Methuen's difficulties did not cease with the dissolution of the 1695–6 English parliament in July, as he still had to make good his promise to solve the woollen question, and his promise to William III to provide Irish parliamentary supplies for five regiments sent to Ireland. His plan was for the Irish parliament to impose a higher duty on woollen exports and to take steps to encourage linen manufacture. However, when the Irish parliament met (September 1698), the woollen and linen bills were not ready, and Methuen had begun to distance himself from his woollen scheme because of an unfavourable attitude in parliament. In the end the government's woollen bill was presented late in the session in an ultimately unsuccessful attempt to preempt the new English parliament's passing a new woollen prohibition bill (which was eventually enacted in April 1699). Despite the failure to prevent a prohibition bill at Westminster and the collapse of the linen scheme, the woollen bill passed the Irish parliament and (as Methuen was keen to emphasise) money was provided for the military establishment. He remained in Ireland until December 1699, endeavouring to bring about an accommodation between the bishop of Derry, William King (qv) and the London Society, and monitoring the activities of the English parliament's commissioners of inquiry into the Irish forfeitures. However, on his return to England he became embroiled in controversy over the report of the commissioners, which resulted in one of them, Sir Richard Levinge (qv) , being confined in the Tower.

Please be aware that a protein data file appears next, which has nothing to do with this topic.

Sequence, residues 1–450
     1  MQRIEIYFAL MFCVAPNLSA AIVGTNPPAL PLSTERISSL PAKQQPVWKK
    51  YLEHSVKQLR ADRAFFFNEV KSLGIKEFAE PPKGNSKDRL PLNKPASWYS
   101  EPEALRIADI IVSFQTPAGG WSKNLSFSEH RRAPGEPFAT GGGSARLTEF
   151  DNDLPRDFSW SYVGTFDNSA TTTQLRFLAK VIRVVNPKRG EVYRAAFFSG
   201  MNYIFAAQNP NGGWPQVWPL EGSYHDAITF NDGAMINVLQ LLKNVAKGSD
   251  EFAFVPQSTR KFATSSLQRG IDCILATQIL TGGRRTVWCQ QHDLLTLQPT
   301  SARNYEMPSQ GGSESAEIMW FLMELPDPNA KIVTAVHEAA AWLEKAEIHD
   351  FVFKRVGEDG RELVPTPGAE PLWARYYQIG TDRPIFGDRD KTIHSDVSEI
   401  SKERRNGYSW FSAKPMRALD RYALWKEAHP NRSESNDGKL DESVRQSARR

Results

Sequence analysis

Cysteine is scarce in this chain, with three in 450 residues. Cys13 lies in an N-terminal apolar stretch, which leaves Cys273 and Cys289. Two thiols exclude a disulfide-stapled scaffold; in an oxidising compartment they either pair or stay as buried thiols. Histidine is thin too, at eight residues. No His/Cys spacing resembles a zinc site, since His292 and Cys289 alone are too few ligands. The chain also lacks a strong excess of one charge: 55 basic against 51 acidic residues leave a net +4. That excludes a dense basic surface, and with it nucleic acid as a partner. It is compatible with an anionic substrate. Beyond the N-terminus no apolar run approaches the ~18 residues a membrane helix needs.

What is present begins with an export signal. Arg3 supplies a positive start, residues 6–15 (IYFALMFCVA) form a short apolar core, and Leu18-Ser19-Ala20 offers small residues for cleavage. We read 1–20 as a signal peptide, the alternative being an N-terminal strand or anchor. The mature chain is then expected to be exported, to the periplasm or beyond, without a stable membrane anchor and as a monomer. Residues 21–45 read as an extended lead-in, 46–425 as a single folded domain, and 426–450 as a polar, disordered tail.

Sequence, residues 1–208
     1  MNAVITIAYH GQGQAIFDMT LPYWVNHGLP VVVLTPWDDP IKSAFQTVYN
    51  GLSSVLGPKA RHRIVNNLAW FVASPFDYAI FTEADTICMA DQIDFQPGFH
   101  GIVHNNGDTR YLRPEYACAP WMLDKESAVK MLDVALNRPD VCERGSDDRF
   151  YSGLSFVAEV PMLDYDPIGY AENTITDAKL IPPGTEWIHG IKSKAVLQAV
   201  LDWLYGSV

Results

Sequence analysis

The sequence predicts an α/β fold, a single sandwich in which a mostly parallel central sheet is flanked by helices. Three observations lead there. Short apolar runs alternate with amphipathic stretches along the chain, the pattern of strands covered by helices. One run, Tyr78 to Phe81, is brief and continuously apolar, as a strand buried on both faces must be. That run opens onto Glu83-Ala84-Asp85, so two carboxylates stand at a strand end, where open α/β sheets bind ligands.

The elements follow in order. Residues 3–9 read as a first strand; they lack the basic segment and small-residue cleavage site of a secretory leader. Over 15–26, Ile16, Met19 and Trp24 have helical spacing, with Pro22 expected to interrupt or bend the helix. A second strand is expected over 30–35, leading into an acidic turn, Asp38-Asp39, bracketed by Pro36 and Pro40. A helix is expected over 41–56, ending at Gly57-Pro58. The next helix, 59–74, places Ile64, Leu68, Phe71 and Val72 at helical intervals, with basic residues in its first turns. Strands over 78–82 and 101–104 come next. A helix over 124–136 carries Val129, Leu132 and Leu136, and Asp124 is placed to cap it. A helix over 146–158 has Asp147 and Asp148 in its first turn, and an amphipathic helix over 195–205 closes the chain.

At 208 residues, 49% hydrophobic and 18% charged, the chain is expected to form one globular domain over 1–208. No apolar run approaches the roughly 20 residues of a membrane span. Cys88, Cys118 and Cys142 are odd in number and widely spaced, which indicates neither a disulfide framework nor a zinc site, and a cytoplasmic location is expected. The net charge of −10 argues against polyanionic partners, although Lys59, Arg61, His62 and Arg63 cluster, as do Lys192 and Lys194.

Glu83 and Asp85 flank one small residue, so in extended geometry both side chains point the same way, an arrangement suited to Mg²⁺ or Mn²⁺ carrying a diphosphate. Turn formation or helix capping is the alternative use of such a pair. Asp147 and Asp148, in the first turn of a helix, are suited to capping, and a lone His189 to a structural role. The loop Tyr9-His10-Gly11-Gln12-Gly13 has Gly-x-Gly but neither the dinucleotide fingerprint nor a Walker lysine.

Methuen's prominence in government gained him the attention of satirists, who ascribed to him the role of presenting a bill to the Irish parliament empowering the lord lieutenant to establish an ecclesiastical high commission court more effectual than that of James II (qv). A ballad to the tune of ‘Lillibullero’ attacked his stance on the act of resumption of Irish forfeitures, made reference to his son being educated by Jesuits, and derided his association with John Toland (qv). Methuen remained lord chancellor until 1703, when he was removed at the instigation of the new tory lord lieutenant, the duke of Ormond. However, his career had already taken another turn with his reappointment (1702) as envoy extraordinary to Portugal. Thereafter his life was dominated by Portuguese affairs and declining health, though he managed to negotiate offensive and defensive treaties, and then (as ambassador) the Methuen commercial treaty, which accounted for the predominance of port wine in England for the next century. It was rumoured in early July 1706 that he was again being considered for the post of lord chancellor of Ireland; however, he died 13 July of a stroke in Lisbon, and was buried in Westminster Abbey. During his career he had earned the nickname ‘Holx’, meaning hocus-pocus or conjuror. He married (1672) Mary (d. 1723), daughter of Seacole Chivers of Quemerford, Wiltshire; they had three sons and two daughters. At some point he separated from his wife, and while in Portugal was rumoured to have at least two mistresses living with him at the same time.